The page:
Standing in the kitchen, Michael listened once more. He’d never known Josh and Samantha to leave their house unlocked and not be home. He knew Samantha was away with her sister, Martha, for the weekend. But Josh and the girls, he’d thought, had stayed. The house, though, was silent. The only sounds Michael could hear were from the Heath at his back: a dog barking, the chatter of distant picnics, the splash of a diver from the swimming pond beyond the walkway. Closer, in a nearby garden, he heard a sprinkler begin chopping at the afternoon. Such was the stillness of the house that from where he stood in the kitchen these sounds already had the texture of memory, as if he’d crossed a threshold in time, not of a home.
Perhaps Josh had left a note? Michael went to the fridge to look. It was a broad-shouldered American model in brushed steel, an icemaker embedded in its door. A desk’s worth of papers jostled for position across its surface, pinned under a collection of Rothko fridge magnets. Michael scanned the takeaway menus, shopping lists, school notes, but none of them gave any clue as to where Josh might be. He turned from the fridge and looked around the rest of the room, hoping to find something that might explain why the back door was open but no one at home.
Like the rest of their house, Samantha and Josh’s kitchen was solid and generous. At its centre the slatted shadow of a venetian blind fell across an island work surface. Around this were an oven, two hobs and a chef’s array of utensils. On the other side of a breakfast bar, potted plants fringed a sagging sofa and two armchairs in the conservatory, ochre blinds drawn over its glass. Back within the kitchen itself, an oval dining table occupied the far end of the room, and there, hanging above it, were the Nelsons.
The portrait was in black-and-white, a studio shot taken when Rachel was still a toddler and Lucy a baby. The two children, wearing matching white dresses, sat on their parents’ laps. Samantha laughed down at her daughters, her eyes averted from the camera. Josh, however, smiled directly into its lens, his jaw more angular than that of the man Michael knew now. His hair, too, was darker, cut in the same boyish style he still wore, but without the dustings of grey spreading at his temples.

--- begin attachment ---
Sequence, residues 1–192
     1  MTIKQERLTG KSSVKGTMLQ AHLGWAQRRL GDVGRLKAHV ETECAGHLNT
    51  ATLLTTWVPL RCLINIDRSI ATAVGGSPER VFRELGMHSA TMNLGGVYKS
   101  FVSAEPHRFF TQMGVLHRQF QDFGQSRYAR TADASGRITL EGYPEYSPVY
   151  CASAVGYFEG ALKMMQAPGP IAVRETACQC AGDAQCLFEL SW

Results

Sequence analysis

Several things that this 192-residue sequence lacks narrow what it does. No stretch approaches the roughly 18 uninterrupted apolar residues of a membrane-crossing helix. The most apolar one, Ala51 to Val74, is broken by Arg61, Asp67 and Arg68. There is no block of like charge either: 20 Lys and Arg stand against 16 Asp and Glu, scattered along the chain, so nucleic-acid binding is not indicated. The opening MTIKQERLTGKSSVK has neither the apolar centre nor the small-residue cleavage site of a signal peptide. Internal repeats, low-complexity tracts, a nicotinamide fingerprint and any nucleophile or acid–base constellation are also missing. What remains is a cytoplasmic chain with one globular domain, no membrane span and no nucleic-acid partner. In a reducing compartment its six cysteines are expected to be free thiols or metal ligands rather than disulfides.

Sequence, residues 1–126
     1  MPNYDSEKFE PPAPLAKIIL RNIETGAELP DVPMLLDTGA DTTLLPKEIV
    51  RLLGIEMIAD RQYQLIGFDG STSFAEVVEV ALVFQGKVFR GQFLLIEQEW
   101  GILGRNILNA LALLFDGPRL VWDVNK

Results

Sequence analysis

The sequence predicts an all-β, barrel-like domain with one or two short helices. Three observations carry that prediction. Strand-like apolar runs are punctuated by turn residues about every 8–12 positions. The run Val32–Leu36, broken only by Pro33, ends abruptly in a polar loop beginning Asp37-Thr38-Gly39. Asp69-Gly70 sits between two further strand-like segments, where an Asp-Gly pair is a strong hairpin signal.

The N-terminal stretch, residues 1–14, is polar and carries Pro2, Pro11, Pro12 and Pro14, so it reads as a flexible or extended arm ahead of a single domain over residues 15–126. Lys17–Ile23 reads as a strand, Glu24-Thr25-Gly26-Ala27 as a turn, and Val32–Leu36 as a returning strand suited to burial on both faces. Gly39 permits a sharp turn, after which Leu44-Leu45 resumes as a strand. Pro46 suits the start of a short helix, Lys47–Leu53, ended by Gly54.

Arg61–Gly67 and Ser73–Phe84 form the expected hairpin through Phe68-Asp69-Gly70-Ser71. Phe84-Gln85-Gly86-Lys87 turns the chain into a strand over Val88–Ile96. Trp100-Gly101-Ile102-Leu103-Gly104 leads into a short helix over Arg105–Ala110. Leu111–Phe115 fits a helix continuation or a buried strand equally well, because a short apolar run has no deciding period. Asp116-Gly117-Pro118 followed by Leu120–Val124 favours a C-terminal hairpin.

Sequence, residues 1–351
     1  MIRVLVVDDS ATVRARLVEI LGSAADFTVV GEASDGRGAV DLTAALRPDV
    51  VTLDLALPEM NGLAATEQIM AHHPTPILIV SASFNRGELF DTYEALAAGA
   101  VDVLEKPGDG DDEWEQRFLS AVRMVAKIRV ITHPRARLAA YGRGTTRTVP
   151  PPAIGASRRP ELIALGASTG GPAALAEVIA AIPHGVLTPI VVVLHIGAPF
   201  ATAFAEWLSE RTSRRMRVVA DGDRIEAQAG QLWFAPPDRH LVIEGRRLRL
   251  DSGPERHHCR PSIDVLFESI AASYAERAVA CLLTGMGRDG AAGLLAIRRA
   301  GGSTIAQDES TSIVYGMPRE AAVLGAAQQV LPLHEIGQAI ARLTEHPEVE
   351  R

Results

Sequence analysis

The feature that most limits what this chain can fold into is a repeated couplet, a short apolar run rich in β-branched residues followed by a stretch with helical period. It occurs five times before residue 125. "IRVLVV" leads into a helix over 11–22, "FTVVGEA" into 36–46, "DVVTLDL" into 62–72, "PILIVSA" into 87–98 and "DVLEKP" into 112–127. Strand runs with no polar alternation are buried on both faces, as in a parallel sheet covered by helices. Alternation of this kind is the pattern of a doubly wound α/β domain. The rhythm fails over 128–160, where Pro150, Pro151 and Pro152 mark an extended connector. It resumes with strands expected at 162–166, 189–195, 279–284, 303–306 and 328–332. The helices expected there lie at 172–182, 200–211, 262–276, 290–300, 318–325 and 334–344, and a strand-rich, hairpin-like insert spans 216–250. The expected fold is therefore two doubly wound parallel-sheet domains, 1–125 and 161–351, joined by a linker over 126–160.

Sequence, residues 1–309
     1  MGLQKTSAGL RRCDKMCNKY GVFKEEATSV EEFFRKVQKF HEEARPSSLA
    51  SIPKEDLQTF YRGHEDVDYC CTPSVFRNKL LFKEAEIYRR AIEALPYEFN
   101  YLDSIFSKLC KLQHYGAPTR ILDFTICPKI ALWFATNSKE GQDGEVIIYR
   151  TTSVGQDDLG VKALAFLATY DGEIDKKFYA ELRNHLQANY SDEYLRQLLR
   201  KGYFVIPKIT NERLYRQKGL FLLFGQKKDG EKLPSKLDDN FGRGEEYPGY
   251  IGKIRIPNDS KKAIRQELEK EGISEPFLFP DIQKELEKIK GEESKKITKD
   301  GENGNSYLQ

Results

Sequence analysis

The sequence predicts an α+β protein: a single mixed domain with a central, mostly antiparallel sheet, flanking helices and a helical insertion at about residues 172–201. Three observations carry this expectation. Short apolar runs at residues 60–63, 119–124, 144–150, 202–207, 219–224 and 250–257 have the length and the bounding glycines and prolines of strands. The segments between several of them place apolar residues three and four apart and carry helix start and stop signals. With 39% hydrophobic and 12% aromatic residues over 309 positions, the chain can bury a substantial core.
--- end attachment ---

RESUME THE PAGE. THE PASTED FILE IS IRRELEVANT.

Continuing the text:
Michael met the gaze of this younger Josh for a moment. He wondered if he should call him and let him know about the open back door. But his phone was in his flat, and Michael didn’t know either Josh or Samantha’s numbers. And perhaps he shouldn’t worry them, anyway? From what he could tell there were no signs of disturbance. The kitchen looked just as it always did.
Michael had known the Nelsons for only seven months by then, but their friendship, once made, had been quick to gather momentum. Over the last few weeks it had felt as if he’d eaten at their table more often than at his own next door. The path that led from their lawn through a break in the hedge to the communal garden of his own block of flats had been indiscernible when he’d first moved in. But now there was already the faint tracing of a track, worn by his feet when he dropped by in the evenings and those of Samantha and the girls when they called for him on the weekends. As a family, the Nelsons had become a settling presence in his life, a vital ballast against all that had gone before. Which is why Michael could be so sure the kitchen hadn’t been searched or disturbed. It was the room in which he’d spent the most time with them, where they’d eaten and drunk and where so much of his recent healing had happened. The room where for the first time since he’d lost Caroline he’d learnt, with the help of Josh and Samantha, to remember not just her absence, but also her.